I was 7 years in the gauntlet of Lyme Disease, a horrific journey of agonizing pain and doubt – and even being one of the lucky few to be completely cured two years ago, I was left with brain damage.
I meandered in a thick mental fog of memory loss, confusion and sluggish thinking, in the belief that I would never recover. To top it off, I’d been diagnosed with PTSD, ADHD, and bipolar disorder.
Over the years I had developed a keen interest in psychology and neuroscience – an aspiring science fiction writer – and in my research, had come across Doctor Norman Doidge’s seminal book The Brain That Changes Itself. This book details how the brain is constantly changing into adulthood, overturning decades of orthodoxical assumptions about brain development in the scientific community.
This revelation catalyzed a zeal to recover that was compounded by the notion of injury induced neuroplasticity, a cascade of regenerative effects following acquired brain injury that can last for weeks or months. Some of the most incredible cases include Daniel Tammet, who suffered a seizure as a boy, and who now experiences number-shape synaesthesia; and Jason Padgett, who, as a result of a violent mugging, now perceives fundamental geometry in everything he sees, as well as the incredible ability to draw perfect fractals such as the one above.
Inspired, and full of conviction, I built myself a program based on hundreds of scientific studies, replicating what I could on my shoe string budget. This included computer-based training such as Dual N-Back spatial memory training, complex span tasks, and many other computer-based training methods which are now used in sophisticated brain training suites such as Cogmed and Cognifit..
I also combined nutrition, exercise, meditation, therapy, listening to and composing music, transcranial direct current stimulation, and learning new skills and knowledge areas like math and physics. There was nothing I wouldn’t try, so long as it had a good scientific foundation and it was something I could replicate.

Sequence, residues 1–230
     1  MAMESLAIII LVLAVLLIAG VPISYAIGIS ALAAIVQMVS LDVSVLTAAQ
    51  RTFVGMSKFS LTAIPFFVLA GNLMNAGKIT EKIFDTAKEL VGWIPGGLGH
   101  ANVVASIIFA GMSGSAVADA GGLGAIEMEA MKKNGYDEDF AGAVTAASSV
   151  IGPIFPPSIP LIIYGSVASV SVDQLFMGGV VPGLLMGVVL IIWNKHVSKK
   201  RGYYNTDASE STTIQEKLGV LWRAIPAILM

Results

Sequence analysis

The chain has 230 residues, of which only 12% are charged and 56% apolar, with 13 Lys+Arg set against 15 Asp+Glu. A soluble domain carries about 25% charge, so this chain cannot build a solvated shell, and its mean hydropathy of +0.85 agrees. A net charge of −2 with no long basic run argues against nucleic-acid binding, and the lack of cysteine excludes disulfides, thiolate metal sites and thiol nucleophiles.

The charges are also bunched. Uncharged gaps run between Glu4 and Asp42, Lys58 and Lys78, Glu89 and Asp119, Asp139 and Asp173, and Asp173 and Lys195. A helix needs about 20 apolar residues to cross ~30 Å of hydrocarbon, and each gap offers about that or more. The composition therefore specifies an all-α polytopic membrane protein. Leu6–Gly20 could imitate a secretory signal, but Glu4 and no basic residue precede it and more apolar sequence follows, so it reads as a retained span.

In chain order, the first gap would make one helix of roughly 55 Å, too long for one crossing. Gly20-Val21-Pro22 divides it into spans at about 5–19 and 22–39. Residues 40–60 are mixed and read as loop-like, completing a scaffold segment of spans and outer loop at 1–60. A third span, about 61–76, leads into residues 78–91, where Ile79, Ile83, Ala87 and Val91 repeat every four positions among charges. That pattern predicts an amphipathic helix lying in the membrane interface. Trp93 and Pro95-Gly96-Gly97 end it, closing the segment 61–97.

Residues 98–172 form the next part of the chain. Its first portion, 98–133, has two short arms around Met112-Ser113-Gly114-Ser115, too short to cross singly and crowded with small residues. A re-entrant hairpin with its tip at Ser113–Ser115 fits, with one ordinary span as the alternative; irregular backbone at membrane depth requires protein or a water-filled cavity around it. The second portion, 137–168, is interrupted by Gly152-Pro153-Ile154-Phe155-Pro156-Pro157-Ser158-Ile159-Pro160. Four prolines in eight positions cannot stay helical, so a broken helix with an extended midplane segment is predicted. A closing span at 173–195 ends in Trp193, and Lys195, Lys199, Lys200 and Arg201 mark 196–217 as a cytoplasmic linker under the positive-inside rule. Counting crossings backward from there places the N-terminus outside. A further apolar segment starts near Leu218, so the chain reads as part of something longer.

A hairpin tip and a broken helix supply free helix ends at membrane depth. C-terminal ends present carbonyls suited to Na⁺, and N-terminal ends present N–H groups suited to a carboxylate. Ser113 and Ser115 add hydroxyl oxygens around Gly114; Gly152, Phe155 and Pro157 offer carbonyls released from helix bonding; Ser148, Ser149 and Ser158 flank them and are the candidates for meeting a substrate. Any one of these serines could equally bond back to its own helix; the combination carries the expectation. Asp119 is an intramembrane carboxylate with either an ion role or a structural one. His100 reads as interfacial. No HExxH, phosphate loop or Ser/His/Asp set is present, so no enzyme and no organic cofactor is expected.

I aggressively pursued rehabilitation for 8 months, dedicating myself. When I had finished, my IQ had increased by 15% and I found that my ability to reason, write, calculate, and even manage my emotions had all improved far beyond the levels that preceded my injury.
Cognitive enhancement became my salvation, and soon after, my life’s passion. I began mentoring others. People were reaching out to me for help, and seeing their progress became the most rewarding thing I’d ever experienced. So in the summer of 2016, I built True Focus, a suite of programs designed to help people overcome their brain injuries, to unlock latent potential, and push the limits of the mind. Since that time, I have improved the program to target symptoms of ADHD, depression, anxiety, and OCD among many other program goals. Now, instead of 8 months, the program works extremely fast, in only 6 weeks. The average cost to treat ADHD in the US is $14, 000. I reduced that cost by 2800%.
Living with a brain injury can be extremely difficult, a daunting challenge for which there can seem to be little recourse – and it’s the same for ADHD, depresison, anxiety and bipolar disorder. You feel trapped, alone. Like there’s nothing you can do. But there’s a light shining in the dark, through understanding the brain and willing ourselves to reach beyond our grasp, we can heal and be made whole.
The most important lesson from this experience was this: always keep a pocket of hope, never give up, and believe in the power of ideas.